FAB Universal said it uses a “world-class” web hosting company, which it declined to identify, and its own servers to deliver content.
The company has 18 full-time and five part-time employees, mostly software developers, that support the Libsyn operations in Pittsburgh, and 192 employees that work for the FAB's media business in China, Sims said.
Analyst Rob Goldman of Goldman Small Cap Research said in a report that FAB Universal has reached a key point in its business model with the acquisition of the FAB business in China.
“Overnight, it has transformed itself from a niche market leader to a profitable, global digital media distribution power,” Goldman said. Instead of being associated with early-stage, unprofitable companies, it will now be valued on revenue and profit growth as its podcasting business improves, he said.
FAB Universal's stock closed on Monday at $3.84, up 14 cents, or 3.78 percent. The stock is up 19.3 percent so far this year. Its 52-week high was $5.70 on Oct. 27, up from a low of $1.90 on July 12.
In China, the DEI deal brings new revenue to FAB Universal from its sale of DVDs, hardware and software to retail chains, its own retail stores and a kiosk concept that is akin to “Redbox meets Netflix meets iTunes,” Goldman said.
Sims said the company has 12,500 FAB-branded kiosks at 8,400 locations in 40 cities in China, ranging from mini-stores with one kiosk in smaller shopping areas to larger stores in malls with banks of kiosks. They are ATM-style, intelligent terminals that deliver downloads to smartphones using USB connections, and other services such as video games, podcasts, ringtones, ebooks, movies and subscription delivery of shows, similar to Netflix, as well as bill payment service.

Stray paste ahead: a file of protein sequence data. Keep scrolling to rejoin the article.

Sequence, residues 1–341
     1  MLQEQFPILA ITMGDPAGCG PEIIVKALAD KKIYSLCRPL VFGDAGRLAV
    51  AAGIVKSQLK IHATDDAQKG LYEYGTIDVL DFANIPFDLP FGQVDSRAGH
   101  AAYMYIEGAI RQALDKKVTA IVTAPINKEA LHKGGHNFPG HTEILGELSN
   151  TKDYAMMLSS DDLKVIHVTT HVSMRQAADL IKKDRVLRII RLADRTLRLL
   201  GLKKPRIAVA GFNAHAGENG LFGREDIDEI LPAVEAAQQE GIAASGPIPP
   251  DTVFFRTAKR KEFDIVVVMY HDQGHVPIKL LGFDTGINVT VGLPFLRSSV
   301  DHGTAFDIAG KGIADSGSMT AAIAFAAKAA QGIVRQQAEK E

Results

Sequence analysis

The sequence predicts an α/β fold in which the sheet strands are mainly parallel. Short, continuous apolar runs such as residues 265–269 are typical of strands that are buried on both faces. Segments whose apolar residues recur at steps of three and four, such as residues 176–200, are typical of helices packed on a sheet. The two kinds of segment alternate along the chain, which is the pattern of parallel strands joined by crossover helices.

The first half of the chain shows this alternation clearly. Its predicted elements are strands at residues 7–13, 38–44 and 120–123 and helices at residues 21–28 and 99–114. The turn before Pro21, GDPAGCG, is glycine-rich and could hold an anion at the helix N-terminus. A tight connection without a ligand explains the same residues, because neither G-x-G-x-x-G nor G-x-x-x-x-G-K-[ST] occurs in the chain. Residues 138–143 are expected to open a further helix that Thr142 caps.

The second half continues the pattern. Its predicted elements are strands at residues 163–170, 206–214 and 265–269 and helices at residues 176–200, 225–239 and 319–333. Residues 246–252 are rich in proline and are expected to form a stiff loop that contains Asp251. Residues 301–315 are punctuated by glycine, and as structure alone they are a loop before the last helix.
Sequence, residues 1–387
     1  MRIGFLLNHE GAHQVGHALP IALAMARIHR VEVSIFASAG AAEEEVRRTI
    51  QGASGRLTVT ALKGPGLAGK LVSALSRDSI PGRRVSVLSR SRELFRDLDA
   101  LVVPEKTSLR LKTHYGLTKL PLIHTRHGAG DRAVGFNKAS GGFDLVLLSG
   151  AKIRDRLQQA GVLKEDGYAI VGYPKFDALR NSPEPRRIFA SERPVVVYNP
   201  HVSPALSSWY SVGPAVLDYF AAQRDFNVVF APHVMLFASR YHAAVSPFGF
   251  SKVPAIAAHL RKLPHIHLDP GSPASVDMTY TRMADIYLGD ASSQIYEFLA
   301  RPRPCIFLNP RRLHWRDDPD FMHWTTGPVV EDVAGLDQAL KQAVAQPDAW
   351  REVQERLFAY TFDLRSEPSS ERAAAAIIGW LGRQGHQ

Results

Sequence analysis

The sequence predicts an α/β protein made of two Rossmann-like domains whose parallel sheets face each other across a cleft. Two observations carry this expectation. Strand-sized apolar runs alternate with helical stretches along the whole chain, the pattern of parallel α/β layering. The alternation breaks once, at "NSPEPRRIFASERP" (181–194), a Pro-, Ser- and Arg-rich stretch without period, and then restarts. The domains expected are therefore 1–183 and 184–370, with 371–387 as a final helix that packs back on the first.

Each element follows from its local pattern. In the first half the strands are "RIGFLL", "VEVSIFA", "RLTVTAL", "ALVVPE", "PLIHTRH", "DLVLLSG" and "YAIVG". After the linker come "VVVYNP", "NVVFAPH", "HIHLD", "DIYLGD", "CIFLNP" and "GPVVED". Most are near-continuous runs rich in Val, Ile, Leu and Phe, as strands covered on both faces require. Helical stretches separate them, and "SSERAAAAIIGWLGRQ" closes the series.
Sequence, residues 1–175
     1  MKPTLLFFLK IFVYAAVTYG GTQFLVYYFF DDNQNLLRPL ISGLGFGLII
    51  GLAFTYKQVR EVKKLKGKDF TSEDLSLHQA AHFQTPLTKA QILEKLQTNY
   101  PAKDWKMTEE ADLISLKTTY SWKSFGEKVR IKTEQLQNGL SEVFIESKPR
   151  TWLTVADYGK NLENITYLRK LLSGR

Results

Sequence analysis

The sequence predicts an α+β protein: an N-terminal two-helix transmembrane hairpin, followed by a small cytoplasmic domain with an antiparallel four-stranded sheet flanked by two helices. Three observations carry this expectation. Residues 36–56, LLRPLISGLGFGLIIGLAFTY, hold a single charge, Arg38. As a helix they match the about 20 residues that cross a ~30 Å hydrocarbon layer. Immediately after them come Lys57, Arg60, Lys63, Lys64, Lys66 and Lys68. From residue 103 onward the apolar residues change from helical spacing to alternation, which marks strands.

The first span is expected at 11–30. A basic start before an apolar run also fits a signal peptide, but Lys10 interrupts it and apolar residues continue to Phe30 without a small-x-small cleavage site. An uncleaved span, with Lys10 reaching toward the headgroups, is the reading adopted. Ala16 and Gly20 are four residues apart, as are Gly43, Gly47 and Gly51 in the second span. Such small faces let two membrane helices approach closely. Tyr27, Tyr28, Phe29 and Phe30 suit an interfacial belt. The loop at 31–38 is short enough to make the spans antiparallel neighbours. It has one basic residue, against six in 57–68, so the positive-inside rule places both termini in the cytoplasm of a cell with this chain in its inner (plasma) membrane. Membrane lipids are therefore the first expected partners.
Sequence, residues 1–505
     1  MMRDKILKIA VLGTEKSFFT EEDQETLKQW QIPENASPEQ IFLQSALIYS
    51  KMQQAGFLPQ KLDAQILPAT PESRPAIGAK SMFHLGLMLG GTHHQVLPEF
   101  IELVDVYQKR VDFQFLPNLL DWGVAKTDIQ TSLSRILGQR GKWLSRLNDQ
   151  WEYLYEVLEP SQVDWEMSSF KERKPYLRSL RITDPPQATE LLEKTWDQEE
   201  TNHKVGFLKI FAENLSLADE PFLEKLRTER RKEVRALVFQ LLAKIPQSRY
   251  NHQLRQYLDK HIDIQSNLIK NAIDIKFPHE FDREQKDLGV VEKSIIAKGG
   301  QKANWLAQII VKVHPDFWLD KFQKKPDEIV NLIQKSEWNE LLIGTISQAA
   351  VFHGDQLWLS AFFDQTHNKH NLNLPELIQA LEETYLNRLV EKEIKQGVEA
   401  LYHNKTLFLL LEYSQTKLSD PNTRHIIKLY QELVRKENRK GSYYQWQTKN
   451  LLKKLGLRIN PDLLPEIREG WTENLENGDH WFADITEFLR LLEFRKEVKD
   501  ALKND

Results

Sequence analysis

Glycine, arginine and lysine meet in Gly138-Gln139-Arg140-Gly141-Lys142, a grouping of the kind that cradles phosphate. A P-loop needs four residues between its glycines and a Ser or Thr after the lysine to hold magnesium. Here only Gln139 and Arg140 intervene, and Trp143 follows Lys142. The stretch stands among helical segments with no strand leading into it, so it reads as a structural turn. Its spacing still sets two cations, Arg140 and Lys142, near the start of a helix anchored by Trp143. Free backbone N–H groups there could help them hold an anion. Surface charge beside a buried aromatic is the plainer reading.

It is hard for American consumers to envision these kiosks, Goldman said, but they are in demand in China because home Internet there does not have the bandwidth and speed that allows downloads of large files.
Revenue comes from download fees and paid advertising. FAB has more 350,000 members for its subscription delivery service.
“The kiosk business is the key driver of growth for FAB Universal,” Goldman said. “We believe the company has not yet even scratched the surface of its deployment. There are 160 cities in China with greater than 1 million citizens. ... We would not be surprised to see 100,000 kiosks operational in the next few years.
DEI has two large “FAB” brand retail stores in Beijing malls that sell copyright-protected audio and video products. One is in the Joy City mall in Beijing, and it recently opened an entertainment store in the SoShow mall.
These flagship stores are sites for weekly celebrity appearances and signing events that attract thousands of fans and promote sales and increase FAB brand recognition, Goldman said.
John D. Oravecz is a staff writer for Trib Total Media.
He can be reached at 412-320-7882 or email@example.com.